Producing Geometry You Can Trust

Reverse engineering is the process of taking a finished product and reconstructing design data in a format from which new parts or molds can be produced.

- The Society of Manufacturing Engineers

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Guidelines for Scanning

Guidelines for Scanning

Measuring and Reproducing Geometry

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A quality supplier of reverse engineering will have the ability to accurately measure a part and the expertise to reproduce electronic geometry from the measured results. QC takes it a step further with experience in the field related to the product being reverse engineered.
Following are suggestions for procuring and accessing reverse engineering services.

Reverse Engineering Process

  1. Identify the project scope.
  2. Identify the appropriate method to capture geometry based on accuracy required, part geometry, project goals, and how the final results will be used. Traditional hand tools, non-contact inspection equipment, and touch-probe or portable CMMs can be used to capture geometry, as can lasers, 3D laser scanners, full-contact CMM scanners, CT scanners, or a destructive process called Capturing Geometry Internally (CGI). 
  3. The geometry now captured, reverse engineering continues with the production of a point cloud, and then surfacing or modeling of the object.
  4. QC can develop a fully parametric 3D CAD model in any of our customer compatible CAD platforms. At this point, the model is ready for tooling or additional design modifications.
  5. QC also can develop 2D drawings of the component for customers who require them. In those cases, we obtain and use your CAD templates with title block information, and apply any other corporate standards when necessary. If neither a template nor a title block is available, we’ll use a generic format and follow ANSI Y14 drafting standards and employ best practices in both cases.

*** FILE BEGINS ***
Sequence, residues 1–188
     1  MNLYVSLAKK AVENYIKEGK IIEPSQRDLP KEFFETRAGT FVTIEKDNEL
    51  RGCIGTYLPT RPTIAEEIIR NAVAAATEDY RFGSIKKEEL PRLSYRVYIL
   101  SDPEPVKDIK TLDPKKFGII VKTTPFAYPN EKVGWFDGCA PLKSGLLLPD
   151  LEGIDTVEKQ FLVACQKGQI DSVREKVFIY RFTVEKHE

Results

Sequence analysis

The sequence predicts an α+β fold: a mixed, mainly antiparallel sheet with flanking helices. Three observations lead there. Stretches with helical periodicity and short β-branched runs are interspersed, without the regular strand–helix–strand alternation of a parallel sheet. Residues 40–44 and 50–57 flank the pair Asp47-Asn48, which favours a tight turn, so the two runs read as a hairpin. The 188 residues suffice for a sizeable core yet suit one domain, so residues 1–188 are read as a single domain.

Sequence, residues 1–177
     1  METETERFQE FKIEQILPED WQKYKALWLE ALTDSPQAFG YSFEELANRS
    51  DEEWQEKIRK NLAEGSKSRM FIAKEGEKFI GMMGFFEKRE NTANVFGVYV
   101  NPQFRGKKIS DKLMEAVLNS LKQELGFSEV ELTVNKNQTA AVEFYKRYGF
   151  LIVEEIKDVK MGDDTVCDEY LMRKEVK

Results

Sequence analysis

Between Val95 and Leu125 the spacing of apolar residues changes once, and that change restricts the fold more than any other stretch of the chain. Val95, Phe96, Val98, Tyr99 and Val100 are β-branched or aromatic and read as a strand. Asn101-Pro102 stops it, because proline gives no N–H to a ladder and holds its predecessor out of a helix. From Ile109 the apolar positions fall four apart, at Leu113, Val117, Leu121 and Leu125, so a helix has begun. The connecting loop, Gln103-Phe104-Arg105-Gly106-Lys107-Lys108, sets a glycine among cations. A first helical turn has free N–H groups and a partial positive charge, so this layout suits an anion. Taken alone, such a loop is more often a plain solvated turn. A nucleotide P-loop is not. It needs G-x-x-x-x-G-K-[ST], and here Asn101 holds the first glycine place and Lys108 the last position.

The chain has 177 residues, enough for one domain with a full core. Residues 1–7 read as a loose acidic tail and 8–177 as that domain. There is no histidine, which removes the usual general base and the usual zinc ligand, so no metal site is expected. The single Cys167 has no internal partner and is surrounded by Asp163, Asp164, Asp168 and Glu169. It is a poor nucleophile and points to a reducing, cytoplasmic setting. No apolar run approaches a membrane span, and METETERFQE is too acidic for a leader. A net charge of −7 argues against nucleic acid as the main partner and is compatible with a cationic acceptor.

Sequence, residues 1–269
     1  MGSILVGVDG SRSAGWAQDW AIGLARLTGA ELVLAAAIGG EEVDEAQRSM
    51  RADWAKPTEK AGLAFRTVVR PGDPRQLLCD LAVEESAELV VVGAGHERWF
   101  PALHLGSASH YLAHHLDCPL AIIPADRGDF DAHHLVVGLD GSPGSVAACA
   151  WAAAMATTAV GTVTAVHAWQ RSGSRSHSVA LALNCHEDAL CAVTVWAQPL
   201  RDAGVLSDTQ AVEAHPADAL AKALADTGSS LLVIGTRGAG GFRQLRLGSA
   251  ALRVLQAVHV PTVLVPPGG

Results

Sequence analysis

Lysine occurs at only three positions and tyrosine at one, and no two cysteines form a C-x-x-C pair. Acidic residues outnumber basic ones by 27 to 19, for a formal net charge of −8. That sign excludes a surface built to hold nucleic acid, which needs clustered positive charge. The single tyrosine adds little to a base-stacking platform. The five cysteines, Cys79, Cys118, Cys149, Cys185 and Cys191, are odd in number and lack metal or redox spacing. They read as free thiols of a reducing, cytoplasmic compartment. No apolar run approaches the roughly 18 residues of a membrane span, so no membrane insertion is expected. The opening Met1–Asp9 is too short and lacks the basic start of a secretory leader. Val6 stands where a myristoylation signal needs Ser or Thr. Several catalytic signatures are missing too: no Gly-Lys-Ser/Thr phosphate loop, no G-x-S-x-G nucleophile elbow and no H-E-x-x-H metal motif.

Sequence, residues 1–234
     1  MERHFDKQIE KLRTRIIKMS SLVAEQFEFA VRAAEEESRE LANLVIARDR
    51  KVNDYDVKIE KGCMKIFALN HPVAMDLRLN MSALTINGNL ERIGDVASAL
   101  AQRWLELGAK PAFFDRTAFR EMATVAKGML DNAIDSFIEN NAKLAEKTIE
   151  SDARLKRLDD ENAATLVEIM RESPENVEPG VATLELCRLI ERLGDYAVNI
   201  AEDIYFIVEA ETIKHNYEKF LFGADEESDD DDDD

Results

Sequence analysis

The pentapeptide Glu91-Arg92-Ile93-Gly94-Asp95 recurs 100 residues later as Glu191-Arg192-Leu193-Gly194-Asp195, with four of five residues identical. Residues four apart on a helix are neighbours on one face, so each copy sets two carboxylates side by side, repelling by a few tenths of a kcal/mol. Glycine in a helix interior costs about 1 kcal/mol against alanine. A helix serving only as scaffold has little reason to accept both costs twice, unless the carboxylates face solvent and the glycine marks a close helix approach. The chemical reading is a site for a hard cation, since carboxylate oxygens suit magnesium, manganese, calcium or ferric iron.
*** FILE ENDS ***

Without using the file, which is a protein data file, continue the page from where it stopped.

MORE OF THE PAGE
6. Throughout the reverse engineering process, QC uses Computer-Aided Inspection (CAI or CAV) to verify work as it’s being completed. Another round of verification, to ensure the end result is accurate and meets your goals, takes place before we submit you the final product.

Defining your Reverse Engineering

  1. Clearly describe your project, including what the final geometry will be used for.
  2. Determine the accuracy required for your application.
  3. Determine the number of samples, prior drawings, and the project history that you’ll provide for the reverse engineering work.
  4. Inform the reverse engineering company what CAD platform you work in.
  5. Determine the critical features on the part.
  6. Determine how far you want the project taken. Do you require point data? A NURBS surface file? Comparative analysis? Parametric solid? Prototypes? Some combination of these?
  7. Special instructions.
  8. The output format you need.

Questions to ask before hiring Reverse Engineering Services

  1. How will you capture the geometry of my part?
  2. Do you use your own dimensional inspection lab?
  3. Can you produce an output in my native CAD platform?
  4. What is your typical delivery time for a project like mine?
  5. What industry background do your engineers have?
  6. What industries have you done work for in the past?
  7. What is your process for verifying the accuracy of the completed work?
  8. How long has your company done reverse engineering and dimensional inspection?

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